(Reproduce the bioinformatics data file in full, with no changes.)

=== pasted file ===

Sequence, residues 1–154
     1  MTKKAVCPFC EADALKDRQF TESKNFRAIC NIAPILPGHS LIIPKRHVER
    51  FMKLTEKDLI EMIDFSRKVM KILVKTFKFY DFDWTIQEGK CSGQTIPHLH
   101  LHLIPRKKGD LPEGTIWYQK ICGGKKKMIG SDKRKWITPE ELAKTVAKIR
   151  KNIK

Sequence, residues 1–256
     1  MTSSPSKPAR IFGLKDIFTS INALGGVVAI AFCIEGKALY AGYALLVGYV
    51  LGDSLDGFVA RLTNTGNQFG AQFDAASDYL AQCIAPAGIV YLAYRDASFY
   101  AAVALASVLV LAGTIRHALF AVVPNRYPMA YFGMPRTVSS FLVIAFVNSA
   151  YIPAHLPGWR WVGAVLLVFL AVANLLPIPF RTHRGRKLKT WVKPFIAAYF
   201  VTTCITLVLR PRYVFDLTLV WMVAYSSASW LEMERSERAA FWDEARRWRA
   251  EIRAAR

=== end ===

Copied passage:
Sequence, residues 1–154
     1  MTKKAVCPFC EADALKDRQF TESKNFRAIC NIAPILPGHS LIIPKRHVER
    51  FMKLTEKDLI EMIDFSRKVM KILVKTFKFY DFDWTIQEGK CSGQTIPHLH
   101  LHLIPRKKGD LPEGTIWYQK ICGGKKKMIG SDKRKWITPE ELAKTVAKIR
   151  KNIK

Sequence, residues 1–256
     1  MTSSPSKPAR IFGLKDIFTS INALGGVVAI AFCIEGKALY AGYALLVGYV
    51  LGDSLDGFVA RLTNTGNQFG AQFDAASDYL AQCIAPAGIV YLAYRDASFY
   101  AAVALASVLV LAGTIRHALF AVVPNRYPMA YFGMPRTVSS FLVIAFVNSA
   151  YIPAHLPGWR WVGAVLLVFL AVANLLPIPF RTHRGRKLKT WVKPFIAAYF
   201  VTTCITLVLR PRYVFDLTLV WMVAYSSASW LEMERSERAA FWDEARRWRA
   251  EIRAAR